Jerry Weintraub for Lorimar/Warner Brothers
directed by William Friedkin
starring Al Pacino, Paul Sorvino, Karen Allen, Richard Cox, Don Scardino, Joe Spinell, Jay Acovone, Randy Jurgensen, Barton Heyman, Gene Davis, Arnaldo Santana, Larry Atlas, Allan Miller, Sonny Grosso, Ed O'Neill, Michael Aronin, James Remar, William Russ, Mike Starr, Steve Inwood, Keith Prentice, Leland Starnes, Robert Pope, Leo Burmester, Bruce Levine, Charles Dunlap, Powers Boothe, James Sutorius (voice), Richard Jamieson, Jimmie Ray Weeks, David Winnie Hayes, Carmine Stippo, Todd Winters
screenplay by William Friedkin, based on the novel by Gerald Walker, music by Jack Nitzsche
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In the late 1970s, New York's S&M gay scene is thriving, with many
a club catering to gay men in leather, and many a quiet corner in the park
hiding gay couples going at it. And this is also the ideal hunting ground
for a serial killer, Stuart (Richard Cox), who manages to remain
undetected also because the gays don't necessarily trust law enforcement -
and aren't always terribly wrong about it (as proven by a priceless
performance of cult icon Joe Spinell as a sleazy cop). As the mayor and
the press demand an arrest soon, Captain Edelson (Paul Sorvino) comes up
with the idea to let young and fairly attractive policeman Steve Burns (Al
Pacino) to go undercover, as he fits the profile of the killer's victims.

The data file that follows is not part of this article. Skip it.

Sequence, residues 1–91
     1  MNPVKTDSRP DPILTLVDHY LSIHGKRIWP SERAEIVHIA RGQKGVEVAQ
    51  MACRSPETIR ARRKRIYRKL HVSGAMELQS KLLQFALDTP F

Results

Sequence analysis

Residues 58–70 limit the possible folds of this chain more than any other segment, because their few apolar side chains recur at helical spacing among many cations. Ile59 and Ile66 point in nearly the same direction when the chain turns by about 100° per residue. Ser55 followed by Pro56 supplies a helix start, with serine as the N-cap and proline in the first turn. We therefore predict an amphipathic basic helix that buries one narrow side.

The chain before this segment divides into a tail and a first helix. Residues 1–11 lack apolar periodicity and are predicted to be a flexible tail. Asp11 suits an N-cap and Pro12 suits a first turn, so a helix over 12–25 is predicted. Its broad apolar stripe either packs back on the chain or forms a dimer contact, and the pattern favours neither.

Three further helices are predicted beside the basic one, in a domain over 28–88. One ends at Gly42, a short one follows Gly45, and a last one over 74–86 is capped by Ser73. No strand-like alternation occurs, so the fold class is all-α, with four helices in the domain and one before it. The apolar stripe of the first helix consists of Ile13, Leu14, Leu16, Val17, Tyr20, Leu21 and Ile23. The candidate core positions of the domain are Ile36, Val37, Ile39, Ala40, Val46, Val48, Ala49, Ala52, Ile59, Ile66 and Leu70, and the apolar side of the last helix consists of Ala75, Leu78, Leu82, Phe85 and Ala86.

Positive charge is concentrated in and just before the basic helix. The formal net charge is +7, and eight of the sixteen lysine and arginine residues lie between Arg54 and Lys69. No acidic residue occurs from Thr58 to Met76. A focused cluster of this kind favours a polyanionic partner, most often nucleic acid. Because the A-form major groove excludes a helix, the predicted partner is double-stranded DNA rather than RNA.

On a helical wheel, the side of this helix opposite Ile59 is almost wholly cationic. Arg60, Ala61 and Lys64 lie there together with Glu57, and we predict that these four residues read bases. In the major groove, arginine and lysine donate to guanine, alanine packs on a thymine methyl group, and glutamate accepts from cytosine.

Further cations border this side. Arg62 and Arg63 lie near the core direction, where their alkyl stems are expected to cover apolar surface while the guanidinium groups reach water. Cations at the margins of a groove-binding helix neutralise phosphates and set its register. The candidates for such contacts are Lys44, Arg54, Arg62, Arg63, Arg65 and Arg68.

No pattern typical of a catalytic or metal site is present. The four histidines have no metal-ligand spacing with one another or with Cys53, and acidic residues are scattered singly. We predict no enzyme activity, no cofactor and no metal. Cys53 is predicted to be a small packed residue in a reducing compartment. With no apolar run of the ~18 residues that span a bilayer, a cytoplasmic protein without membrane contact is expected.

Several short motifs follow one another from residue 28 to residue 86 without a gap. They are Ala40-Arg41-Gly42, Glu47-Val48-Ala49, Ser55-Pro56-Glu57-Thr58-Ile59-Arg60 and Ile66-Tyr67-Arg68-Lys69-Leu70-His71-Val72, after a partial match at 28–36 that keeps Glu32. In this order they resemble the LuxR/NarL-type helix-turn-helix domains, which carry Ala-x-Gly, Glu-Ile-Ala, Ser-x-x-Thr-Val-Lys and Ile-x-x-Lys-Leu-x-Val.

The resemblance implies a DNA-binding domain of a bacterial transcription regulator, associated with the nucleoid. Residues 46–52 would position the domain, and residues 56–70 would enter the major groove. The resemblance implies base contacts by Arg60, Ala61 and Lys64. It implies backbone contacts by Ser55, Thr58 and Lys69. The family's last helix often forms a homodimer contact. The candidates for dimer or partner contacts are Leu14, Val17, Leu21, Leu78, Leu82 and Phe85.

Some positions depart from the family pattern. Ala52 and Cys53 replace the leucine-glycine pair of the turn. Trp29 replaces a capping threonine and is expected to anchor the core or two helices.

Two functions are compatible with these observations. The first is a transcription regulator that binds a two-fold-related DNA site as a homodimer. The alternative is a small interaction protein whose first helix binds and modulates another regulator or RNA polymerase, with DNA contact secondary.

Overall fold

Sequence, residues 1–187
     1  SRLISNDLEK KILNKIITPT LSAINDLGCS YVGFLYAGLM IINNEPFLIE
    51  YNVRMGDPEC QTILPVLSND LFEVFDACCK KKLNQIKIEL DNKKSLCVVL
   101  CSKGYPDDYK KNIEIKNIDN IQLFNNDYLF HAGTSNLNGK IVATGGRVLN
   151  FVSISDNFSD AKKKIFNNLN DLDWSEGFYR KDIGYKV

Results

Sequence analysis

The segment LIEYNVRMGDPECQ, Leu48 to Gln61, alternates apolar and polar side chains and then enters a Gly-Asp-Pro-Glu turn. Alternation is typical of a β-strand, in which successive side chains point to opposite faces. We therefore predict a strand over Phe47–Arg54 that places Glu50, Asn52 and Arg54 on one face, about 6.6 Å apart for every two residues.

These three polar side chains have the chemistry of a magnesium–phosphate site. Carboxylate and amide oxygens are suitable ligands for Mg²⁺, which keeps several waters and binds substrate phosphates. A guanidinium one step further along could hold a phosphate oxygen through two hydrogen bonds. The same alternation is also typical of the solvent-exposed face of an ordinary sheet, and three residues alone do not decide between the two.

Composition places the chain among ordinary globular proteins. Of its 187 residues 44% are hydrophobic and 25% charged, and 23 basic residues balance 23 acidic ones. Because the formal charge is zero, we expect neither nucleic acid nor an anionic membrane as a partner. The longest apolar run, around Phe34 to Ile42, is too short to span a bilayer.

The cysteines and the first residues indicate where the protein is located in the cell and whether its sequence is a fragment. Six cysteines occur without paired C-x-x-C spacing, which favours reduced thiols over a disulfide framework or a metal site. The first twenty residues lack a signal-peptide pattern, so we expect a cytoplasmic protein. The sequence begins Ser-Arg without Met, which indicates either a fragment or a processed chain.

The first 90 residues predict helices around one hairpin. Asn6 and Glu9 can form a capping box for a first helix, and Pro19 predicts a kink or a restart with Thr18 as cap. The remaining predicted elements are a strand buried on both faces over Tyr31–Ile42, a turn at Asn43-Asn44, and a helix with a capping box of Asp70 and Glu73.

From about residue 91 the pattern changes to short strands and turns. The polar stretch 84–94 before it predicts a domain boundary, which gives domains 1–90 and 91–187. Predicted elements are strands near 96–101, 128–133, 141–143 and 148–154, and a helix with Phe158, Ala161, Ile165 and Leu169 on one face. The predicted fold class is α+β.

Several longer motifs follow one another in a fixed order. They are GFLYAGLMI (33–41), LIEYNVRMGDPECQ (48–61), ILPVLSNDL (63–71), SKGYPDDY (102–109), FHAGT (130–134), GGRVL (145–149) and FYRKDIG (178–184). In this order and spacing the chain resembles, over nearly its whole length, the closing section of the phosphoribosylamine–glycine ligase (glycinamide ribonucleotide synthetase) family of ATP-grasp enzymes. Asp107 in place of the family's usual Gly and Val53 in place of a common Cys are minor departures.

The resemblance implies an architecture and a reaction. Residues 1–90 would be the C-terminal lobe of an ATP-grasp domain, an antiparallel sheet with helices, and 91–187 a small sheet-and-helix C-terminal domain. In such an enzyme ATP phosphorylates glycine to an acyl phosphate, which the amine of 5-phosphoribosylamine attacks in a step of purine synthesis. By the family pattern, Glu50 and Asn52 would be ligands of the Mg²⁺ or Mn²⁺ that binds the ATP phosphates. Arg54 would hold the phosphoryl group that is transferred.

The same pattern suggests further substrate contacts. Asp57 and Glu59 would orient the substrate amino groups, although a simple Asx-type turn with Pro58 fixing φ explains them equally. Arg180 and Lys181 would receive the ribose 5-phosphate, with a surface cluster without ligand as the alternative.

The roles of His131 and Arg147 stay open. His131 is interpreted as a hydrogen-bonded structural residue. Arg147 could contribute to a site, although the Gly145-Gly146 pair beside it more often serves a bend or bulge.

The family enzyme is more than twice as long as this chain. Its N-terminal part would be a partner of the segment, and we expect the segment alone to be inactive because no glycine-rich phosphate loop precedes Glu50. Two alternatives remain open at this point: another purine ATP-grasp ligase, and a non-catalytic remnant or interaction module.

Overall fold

Of course, Steve is neither gay nor does he know much about the scene, but
he's ambitious, so he learns quickly. But the more he gets into the gay
scene, the more he loses himself in it, and he becomes gradually estranged
from his wife Nancy (Karen Allen). Eventually, Steve thinks he has found
the killer, rather bully-ish Skip (Jay Acovone), and lures him into a trap
- but when he sees how his colleagues try to force a confession out of
Skip, only to see him totally exonorated an hour later, this tips him
almost too far. He wants to quit, but now is in it too deep - and then he
stumbles over a clue that leads him to Stuart, but this time he tries to
apprehend him on his own. Problem is, Stuart isn't exactly stupid, and is
in good enough shape to be a threat in one-on-one fight ...
paper, this might read like part serial killer movie, part police
procedural, but on screen, this is above all a very engaging character
study, and one that gets it right in pretty much every aspect: The film's
rather flashy backdrop (the New York gay scene) and the central character
arc correspond directly with one another rather than one just being a
canvas for the other, the narration, while character-centric, still tells
a well-structured and entirely suspenseful tale, direction and camerawork
are slick without being glossy and focus on tension, and Al Pacino at the
top of his game leads a very strong ensemble cast. Pretty much a must-see,
and a film that has aged particularly well.